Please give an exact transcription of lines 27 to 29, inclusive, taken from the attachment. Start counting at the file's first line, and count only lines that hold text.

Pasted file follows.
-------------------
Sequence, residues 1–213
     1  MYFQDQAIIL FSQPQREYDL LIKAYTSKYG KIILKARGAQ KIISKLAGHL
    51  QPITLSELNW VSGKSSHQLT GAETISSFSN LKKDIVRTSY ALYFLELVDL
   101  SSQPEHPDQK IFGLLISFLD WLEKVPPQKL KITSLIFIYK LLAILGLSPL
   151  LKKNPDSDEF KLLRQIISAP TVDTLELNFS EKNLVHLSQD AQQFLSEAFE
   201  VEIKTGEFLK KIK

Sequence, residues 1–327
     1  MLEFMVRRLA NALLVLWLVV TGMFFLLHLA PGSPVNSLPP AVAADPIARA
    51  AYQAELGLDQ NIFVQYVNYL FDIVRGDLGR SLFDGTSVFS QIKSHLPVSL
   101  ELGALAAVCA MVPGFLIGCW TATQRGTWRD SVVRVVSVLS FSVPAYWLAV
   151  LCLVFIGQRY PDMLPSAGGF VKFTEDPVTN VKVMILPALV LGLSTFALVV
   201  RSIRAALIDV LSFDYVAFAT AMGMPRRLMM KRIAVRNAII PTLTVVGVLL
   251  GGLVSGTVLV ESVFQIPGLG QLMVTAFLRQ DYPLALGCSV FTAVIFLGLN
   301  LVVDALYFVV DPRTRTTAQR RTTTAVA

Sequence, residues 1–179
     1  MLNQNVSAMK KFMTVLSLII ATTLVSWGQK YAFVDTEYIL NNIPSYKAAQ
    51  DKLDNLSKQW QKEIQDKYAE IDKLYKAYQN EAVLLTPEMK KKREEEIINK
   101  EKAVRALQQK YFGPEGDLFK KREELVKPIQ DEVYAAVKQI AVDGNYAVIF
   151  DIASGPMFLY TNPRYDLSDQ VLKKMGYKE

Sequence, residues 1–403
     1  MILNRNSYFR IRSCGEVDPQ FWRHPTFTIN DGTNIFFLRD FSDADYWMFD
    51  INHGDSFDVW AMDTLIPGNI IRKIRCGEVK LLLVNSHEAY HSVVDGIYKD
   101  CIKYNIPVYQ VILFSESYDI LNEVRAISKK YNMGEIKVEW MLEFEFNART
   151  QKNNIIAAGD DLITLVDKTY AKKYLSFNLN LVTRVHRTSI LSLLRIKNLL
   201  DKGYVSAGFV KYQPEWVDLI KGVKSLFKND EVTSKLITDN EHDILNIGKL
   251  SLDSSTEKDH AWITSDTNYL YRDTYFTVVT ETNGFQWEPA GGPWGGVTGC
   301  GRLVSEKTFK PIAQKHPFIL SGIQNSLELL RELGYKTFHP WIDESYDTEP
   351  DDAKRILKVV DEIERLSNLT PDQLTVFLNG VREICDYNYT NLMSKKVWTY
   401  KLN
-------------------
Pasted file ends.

   301  GRLVSEKTFK PIAQKHPFIL SGIQNSLELL RELGYKTFHP WIDESYDTEP
   351  DDAKRILKVV DEIERLSNLT PDQLTVFLNG VREICDYNYT NLMSKKVWTY
   401  KLN